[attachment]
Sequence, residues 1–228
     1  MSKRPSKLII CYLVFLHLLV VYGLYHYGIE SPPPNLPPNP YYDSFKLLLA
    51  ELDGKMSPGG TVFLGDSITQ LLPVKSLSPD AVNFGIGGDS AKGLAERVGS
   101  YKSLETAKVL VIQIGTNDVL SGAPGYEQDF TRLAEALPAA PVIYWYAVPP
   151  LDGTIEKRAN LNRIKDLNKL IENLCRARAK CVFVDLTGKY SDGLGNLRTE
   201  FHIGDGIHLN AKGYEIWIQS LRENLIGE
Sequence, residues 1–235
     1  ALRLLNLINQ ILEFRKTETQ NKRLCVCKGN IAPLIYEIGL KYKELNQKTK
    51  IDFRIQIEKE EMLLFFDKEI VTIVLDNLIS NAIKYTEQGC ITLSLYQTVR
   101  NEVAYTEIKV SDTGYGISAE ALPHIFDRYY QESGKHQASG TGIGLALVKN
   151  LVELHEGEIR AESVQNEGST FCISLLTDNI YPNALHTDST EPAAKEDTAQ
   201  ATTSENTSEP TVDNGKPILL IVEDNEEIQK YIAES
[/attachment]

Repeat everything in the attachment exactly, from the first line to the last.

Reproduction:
Sequence, residues 1–228
     1  MSKRPSKLII CYLVFLHLLV VYGLYHYGIE SPPPNLPPNP YYDSFKLLLA
    51  ELDGKMSPGG TVFLGDSITQ LLPVKSLSPD AVNFGIGGDS AKGLAERVGS
   101  YKSLETAKVL VIQIGTNDVL SGAPGYEQDF TRLAEALPAA PVIYWYAVPP
   151  LDGTIEKRAN LNRIKDLNKL IENLCRARAK CVFVDLTGKY SDGLGNLRTE
   201  FHIGDGIHLN AKGYEIWIQS LRENLIGE
Sequence, residues 1–235
     1  ALRLLNLINQ ILEFRKTETQ NKRLCVCKGN IAPLIYEIGL KYKELNQKTK
    51  IDFRIQIEKE EMLLFFDKEI VTIVLDNLIS NAIKYTEQGC ITLSLYQTVR
   101  NEVAYTEIKV SDTGYGISAE ALPHIFDRYY QESGKHQASG TGIGLALVKN
   151  LVELHEGEIR AESVQNEGST FCISLLTDNI YPNALHTDST EPAAKEDTAQ
   201  ATTSENTSEP TVDNGKPILL IVEDNEEIQK YIAES